Tags:From Asheville Rapid Transit:
ASHEVILLE – Asheville Redefines Transit continues to employ strategies that improve the ridership experience, and that goes for the City of Asheville’s non-English speaking population as well.
In response to the growth of Spanish-speaking and Eastern European populations in Asheville, as indicated by census data, Ride the ART offers multi-lingual services at the downtown ART Station, 49 Coxe Ave. An over-the-phone translation service allows dispatchers to engage with riders in a conference-call style conversation so that non-English speakers can get the information they need to get the most out of the bus system.
Additionally, the city’s transit website www.ridetheart.com directs users in English, Spanish and Russian to online mapping that assists with planning routes and schedules. Posters in all three languages for the buses and ART Station are currently in the works.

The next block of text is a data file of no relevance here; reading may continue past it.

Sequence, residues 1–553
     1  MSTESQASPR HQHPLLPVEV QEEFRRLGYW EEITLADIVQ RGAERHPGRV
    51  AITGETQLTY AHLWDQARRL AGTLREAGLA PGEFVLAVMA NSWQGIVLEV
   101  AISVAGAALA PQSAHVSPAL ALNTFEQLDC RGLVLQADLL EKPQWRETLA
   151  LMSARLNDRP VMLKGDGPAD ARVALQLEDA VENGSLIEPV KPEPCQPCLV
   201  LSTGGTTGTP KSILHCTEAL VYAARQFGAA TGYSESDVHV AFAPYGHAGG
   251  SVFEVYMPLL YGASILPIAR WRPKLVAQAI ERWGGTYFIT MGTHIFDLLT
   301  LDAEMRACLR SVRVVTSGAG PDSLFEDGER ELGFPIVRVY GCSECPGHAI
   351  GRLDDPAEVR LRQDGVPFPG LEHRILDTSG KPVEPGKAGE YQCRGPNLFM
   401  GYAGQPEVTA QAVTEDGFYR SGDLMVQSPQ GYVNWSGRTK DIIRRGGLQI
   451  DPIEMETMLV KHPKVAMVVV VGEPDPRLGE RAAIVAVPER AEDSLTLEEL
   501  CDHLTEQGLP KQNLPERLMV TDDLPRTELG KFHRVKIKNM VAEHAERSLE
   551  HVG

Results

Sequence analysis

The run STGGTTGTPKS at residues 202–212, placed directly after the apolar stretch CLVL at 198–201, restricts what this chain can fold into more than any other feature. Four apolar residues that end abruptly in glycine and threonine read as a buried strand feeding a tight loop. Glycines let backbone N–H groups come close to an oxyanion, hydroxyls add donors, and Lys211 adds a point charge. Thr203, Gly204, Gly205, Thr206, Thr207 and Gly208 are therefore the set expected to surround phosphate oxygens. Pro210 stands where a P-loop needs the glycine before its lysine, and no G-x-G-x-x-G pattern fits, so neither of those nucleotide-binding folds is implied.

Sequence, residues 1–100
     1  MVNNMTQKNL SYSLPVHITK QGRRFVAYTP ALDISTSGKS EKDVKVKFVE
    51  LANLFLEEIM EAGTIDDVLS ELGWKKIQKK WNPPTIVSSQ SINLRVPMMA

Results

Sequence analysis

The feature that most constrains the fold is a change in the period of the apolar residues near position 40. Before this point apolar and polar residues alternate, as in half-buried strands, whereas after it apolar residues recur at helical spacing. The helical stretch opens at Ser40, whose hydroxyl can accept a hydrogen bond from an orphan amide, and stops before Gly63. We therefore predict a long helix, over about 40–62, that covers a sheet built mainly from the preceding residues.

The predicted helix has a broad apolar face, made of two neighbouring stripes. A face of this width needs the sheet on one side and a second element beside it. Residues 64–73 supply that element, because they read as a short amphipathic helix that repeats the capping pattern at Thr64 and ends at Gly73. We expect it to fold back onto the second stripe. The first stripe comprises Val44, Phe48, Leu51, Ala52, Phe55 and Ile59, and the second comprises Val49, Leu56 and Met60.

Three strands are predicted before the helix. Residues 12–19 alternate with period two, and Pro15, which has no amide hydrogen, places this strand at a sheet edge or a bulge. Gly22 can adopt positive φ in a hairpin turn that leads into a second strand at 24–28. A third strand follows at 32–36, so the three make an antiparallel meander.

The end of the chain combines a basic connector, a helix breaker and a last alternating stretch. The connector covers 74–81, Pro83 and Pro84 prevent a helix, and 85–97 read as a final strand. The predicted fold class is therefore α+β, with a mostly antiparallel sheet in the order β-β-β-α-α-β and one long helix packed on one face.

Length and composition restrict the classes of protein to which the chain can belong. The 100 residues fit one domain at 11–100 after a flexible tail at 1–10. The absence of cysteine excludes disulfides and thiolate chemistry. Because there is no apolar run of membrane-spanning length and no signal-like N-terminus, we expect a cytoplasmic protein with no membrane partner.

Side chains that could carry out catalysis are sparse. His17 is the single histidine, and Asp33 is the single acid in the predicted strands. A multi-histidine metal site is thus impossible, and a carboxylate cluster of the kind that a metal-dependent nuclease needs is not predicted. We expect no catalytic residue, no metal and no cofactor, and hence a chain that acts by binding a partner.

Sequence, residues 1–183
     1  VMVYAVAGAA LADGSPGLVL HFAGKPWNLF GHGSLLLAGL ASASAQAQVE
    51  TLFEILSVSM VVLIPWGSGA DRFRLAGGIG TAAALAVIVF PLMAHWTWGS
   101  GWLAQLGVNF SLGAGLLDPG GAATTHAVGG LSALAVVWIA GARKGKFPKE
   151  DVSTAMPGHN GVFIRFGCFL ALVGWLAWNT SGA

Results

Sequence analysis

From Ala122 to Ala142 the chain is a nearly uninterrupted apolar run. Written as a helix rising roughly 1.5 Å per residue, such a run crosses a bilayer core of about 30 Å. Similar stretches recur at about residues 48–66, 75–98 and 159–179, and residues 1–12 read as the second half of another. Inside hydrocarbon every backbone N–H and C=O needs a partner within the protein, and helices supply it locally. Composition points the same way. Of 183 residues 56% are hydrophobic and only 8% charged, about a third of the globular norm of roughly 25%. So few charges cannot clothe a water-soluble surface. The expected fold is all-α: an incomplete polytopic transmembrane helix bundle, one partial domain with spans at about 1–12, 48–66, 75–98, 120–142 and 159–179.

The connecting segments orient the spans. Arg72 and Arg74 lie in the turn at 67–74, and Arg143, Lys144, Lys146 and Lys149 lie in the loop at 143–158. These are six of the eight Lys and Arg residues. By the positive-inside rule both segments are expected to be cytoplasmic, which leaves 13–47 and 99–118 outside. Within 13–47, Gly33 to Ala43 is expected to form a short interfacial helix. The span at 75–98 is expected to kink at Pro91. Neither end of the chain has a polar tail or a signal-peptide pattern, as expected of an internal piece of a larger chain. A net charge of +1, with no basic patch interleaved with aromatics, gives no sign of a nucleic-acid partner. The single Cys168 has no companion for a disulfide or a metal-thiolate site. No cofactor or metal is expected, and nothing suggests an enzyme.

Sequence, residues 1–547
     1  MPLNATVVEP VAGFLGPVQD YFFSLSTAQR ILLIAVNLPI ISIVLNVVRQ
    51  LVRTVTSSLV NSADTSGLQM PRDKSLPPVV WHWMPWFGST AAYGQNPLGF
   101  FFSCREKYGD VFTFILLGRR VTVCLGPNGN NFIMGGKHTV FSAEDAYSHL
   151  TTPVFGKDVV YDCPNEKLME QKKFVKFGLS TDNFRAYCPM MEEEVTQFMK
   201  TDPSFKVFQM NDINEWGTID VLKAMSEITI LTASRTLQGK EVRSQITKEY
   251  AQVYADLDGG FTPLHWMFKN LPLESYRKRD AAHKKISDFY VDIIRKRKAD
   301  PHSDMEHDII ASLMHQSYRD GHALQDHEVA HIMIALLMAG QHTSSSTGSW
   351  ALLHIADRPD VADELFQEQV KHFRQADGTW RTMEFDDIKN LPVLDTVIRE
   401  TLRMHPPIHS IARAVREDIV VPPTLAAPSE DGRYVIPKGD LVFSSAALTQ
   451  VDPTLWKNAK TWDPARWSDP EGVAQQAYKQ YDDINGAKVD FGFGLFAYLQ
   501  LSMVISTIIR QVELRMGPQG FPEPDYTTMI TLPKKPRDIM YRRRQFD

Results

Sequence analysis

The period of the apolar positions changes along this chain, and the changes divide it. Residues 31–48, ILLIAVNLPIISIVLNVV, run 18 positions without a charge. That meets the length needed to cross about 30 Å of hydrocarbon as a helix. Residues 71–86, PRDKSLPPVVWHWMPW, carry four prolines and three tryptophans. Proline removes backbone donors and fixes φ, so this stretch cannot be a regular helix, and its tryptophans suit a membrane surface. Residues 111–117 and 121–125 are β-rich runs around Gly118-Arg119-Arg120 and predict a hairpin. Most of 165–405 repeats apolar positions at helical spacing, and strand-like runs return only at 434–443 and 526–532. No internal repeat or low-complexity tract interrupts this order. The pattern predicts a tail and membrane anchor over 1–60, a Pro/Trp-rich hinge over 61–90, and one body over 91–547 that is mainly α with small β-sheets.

These steps keep Asheville in compliance with federal Title VI Civil Rights Act requirements that city services accommodate the needs of Limited English Proficiency (LEP) groups that have crossed a specific population threshold.
“We are always looking at opportunities to provide better service to these populations,” said Transportation Services Manager Mariate Echeverry.
Although Spanish and Russian (used as a common language across Eastern European populations) are the two most-commonly spoken non-English languages in Asheville, the phone system has the added advantage of making almost any language available to help riders get where they need to go. The City of Asheville contracts with an outside company for the service and pays only on an as-used basis.
The City of Asheville is dedicated to supporting affordable multi-modal transportation and, since the launch of phase one of the Transit Master Plan in 2012, has expanded into more frequent service on high-traffic routes, added buses to the fleet and introduced partial holiday service. Find out more at ridetheart.com.